Aides to Gardner said the Republican senator has meetings this week with the Colorado Space Coalition, the National Association of Manufacturers and the Colorado Health Care Association — to name a few — but no public forums. [Pols emphasis]

But they defended his outreach efforts and noted his past use of telephone town halls, a tool that has become an increasingly popular substitute on Capitol Hill.

You may not have any real access to your own U.S. Senator, but if you’re lucky, you might get invited to listen to him talk on the telephone! That’s pretty much the same, right?

Unfortunately for Sen. Gardner, this routine is wearing thin across the state. In the meantime, Colorado residents show no sign of letting up on demonstrations and protests.

 

► Before leaving Washington D.C. last week, House Republicans released a vague outline of a proposal about what to do with Obamacare if they end up repealing the health care law. On Monday, former South Carolina governor and current Rep. Mark Sanford admitted in a television interview that he could not guarantee that the Republican health care plan would allow all Americans to keep their current health insurance coverage.

As The Hill explains, Republicans may have a hard time convincing constituents that this vague new plan is even half-baked.

 

► We all know that campaign finance loopholes are big enough to accommodate whatever metaphor you prefer, but some paid campaigns are so brazenly sketchy that it’s hard to believe they could exist. For example, this barrage of advertisements promoting Walker Stapleton’s campaign for Governor apparent interest in term limits. The intent is so obvious that even Republican-aligned groups like Compass Colorado can’t help but applaud the name recognition boost for Stapleton.

 

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Get More Smarter on Friday (February 17)

Have a nice President’s Day Weekend; try the meatloaf. Now, let’s see if we can’t Get More Smarter. If you think we missed something important, please include the link in the comments below (here’s a good example). If you are more of a visual learner, check out The Get More Smarter Show.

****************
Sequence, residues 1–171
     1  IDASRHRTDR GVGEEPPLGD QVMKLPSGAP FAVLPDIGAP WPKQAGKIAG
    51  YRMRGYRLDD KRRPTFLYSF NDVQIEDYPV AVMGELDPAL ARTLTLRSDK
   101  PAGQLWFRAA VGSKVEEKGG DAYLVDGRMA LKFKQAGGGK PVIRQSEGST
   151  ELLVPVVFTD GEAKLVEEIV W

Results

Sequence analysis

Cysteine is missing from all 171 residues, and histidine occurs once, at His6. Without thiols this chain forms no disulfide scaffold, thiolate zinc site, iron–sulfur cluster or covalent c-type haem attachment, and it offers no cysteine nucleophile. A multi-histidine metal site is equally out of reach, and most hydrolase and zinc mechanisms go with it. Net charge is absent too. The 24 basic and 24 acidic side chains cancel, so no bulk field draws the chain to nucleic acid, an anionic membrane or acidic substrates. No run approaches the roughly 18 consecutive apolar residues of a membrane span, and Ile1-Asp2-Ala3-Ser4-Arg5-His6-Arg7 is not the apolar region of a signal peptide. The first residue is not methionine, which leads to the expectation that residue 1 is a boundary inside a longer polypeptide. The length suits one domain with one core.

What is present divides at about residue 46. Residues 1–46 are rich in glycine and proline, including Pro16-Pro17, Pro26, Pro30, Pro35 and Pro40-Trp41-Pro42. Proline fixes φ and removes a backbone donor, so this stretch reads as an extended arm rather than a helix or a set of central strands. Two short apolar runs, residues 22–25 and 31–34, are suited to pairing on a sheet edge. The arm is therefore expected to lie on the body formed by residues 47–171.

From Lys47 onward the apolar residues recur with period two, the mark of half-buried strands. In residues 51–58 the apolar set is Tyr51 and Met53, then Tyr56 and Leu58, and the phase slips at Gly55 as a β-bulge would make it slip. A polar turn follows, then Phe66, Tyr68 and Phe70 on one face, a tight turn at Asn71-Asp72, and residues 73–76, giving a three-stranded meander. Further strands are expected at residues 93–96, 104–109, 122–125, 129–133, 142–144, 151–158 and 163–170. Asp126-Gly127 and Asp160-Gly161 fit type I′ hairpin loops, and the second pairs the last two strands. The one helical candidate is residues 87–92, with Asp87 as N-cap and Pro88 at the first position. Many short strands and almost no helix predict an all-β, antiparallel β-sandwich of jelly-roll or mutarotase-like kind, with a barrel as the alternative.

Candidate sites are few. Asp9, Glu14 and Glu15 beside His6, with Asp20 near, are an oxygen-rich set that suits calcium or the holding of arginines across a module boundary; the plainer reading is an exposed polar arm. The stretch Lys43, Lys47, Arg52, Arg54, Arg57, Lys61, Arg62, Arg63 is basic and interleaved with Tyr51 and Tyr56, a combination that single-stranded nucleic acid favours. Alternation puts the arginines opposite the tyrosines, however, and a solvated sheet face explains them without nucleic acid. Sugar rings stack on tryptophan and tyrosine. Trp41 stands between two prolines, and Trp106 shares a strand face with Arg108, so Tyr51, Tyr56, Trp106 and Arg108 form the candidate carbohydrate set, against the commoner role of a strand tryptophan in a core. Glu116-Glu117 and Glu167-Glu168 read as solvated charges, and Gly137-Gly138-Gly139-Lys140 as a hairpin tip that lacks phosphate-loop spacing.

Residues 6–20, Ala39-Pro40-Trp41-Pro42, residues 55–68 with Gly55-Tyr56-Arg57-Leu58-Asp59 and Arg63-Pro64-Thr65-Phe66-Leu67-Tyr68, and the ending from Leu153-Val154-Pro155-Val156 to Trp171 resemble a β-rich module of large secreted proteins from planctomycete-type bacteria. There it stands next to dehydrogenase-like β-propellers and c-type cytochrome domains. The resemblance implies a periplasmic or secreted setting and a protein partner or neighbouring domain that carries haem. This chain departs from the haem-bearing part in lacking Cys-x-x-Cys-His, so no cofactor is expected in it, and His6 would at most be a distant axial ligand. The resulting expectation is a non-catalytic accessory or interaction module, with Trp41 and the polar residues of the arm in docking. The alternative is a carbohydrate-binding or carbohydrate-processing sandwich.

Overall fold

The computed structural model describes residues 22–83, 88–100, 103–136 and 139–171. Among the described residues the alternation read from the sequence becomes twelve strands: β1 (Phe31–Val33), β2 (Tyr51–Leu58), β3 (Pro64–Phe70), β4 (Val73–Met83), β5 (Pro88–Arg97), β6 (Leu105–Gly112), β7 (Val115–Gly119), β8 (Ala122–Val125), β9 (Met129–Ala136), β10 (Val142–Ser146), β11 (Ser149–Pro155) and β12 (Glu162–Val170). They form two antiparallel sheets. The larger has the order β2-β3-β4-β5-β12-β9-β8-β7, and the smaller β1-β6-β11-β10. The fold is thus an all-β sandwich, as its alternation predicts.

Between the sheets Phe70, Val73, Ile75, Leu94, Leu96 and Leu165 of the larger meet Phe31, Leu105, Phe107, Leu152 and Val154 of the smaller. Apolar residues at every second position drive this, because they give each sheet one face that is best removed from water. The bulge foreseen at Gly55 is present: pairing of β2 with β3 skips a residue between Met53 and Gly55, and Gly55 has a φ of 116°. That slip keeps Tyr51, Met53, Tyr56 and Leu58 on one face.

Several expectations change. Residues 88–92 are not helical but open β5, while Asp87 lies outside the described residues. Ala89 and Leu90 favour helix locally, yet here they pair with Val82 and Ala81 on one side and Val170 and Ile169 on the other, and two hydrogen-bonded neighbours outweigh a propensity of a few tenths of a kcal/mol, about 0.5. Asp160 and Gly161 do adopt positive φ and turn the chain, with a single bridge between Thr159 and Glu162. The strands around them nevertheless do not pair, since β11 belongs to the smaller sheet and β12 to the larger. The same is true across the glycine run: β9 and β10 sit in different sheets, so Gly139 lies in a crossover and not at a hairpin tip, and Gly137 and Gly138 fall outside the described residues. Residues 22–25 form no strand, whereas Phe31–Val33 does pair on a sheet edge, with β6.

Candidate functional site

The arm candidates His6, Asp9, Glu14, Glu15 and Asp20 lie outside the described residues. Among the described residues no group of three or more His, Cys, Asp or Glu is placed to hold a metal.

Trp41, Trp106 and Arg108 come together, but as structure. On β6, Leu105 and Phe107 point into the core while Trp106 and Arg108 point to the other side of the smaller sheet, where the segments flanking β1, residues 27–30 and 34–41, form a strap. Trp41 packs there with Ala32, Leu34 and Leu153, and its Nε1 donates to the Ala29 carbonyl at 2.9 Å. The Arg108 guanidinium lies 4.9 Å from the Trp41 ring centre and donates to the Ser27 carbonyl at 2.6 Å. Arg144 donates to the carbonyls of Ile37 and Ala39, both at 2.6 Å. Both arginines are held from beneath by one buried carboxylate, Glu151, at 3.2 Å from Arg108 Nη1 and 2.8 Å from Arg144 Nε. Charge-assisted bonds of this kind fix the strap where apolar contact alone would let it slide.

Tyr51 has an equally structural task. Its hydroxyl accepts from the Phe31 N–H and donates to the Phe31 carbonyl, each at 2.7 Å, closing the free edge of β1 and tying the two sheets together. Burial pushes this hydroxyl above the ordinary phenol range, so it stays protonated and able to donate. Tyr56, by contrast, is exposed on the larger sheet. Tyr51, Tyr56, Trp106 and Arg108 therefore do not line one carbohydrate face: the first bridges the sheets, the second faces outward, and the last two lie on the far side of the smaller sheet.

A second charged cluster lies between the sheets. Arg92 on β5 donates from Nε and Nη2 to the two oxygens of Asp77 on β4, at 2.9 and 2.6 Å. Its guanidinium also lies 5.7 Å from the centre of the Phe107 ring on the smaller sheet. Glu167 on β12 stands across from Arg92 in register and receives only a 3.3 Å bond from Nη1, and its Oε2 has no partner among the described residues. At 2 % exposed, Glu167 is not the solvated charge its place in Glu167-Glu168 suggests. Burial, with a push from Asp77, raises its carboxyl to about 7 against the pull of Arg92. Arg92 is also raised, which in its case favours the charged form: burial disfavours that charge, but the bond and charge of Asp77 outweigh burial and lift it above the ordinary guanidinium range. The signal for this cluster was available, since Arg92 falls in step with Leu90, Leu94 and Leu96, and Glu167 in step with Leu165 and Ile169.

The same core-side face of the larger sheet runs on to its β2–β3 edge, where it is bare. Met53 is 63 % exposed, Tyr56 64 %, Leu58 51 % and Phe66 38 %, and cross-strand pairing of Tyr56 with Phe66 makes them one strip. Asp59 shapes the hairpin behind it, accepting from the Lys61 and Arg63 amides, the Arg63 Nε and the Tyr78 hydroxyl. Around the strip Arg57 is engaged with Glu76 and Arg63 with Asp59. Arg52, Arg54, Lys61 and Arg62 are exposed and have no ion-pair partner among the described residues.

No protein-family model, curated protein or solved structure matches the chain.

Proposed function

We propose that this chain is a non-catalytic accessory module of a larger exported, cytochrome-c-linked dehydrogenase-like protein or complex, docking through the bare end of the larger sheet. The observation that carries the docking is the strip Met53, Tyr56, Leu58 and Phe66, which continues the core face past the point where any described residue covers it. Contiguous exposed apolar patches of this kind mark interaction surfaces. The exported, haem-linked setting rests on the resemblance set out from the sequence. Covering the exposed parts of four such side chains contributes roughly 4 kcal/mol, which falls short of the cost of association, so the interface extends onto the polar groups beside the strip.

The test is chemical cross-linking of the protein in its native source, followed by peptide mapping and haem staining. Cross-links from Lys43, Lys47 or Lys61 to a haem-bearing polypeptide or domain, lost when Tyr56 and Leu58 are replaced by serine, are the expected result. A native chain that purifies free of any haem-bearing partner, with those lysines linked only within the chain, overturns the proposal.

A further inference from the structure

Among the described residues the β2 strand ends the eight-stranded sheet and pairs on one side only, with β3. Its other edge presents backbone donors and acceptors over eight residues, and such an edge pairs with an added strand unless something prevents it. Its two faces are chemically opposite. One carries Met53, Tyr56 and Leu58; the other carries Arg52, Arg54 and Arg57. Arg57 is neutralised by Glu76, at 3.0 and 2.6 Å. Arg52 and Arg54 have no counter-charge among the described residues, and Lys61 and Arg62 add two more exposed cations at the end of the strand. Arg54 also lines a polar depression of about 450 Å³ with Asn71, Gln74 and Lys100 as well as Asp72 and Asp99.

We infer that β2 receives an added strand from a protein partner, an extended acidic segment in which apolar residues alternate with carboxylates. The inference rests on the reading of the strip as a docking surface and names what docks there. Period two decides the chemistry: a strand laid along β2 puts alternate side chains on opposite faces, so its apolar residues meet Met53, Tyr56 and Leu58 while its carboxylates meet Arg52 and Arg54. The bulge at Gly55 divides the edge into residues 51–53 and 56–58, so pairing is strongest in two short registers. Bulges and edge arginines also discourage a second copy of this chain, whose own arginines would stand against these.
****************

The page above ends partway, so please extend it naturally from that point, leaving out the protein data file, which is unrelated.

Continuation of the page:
TOP OF MIND TODAY…

► As the Associated Press reported this morning, President Trump is considering mobilizing the National Guard — as many as 100,000 troops — to undertake mass deportation efforts across the country. Colorado is one of the states listed in the draft memo obtained by the AP.

Again: The President of the United States of America is considering deploying the military to conduct mass roundups and deportations across the country. This is all kinds of wrong.

 

A “shit sandwich.” That’s how Vice Admiral Robert Harward viewed an offer from President Trump to become the next National Security Adviser — an offer Harward publicly declined — which leaves the Trump administration scrambling to find another candidate for one of the most important jobs in the White House. The resignation of former NSA Michael Flynn highlights a massive credibility problem among national security experts, as the Washington Post explains:

Multiple former national security experts conjectured that the hang-up specifically was Trump’s deputy national security adviser, KT McFarland, a TV commentator who has not served in government since the Reagan era. Few foreign policy professionals consider her qualified for the job. [Pols emphasis]

…Harward certainly knows the struggles that Defense Secretary James Mattis and Secretary of State Rex W. Tillerson have had hiring their own staff — neither has an announced deputy; Harward was not about to subject himself to the same micromanaging from the White House. Former State Department official and vocal Trump critic Eliot Cohen says, “It makes it very difficult for any serious person to take the job under less reasonable conditions than Harward seems to have demanded, i.e., control of staffing.” He explains, “No sane person would take this extremely important and difficult job without (a) control of staffing, and (b) eliminating or neutering Bannon’s shadow NSC staff.” …

…Harward’s decision reflects how far the president and this administration have fallen in the eyes of esteemed national security experts, including current and former officials. The White House is without an experienced chief of staff or normal internal decision-making procedures. [Pols emphasis]

 

► Congress is preparing for its annual President’s Day recess, which will keep lawmakers out of the nation’s capitol until February 27. Before he skipped out of town, Rep. Mike Coffman (R-Aurora) released a video in which he declares that he will not support a repeal of Obamacare without a concurrent replacement plan. The New York Times on Thursday reported on a potential new GOP healthcare plan that would redirect money from the lower- and middle-class to the benefit of the wealthy in America.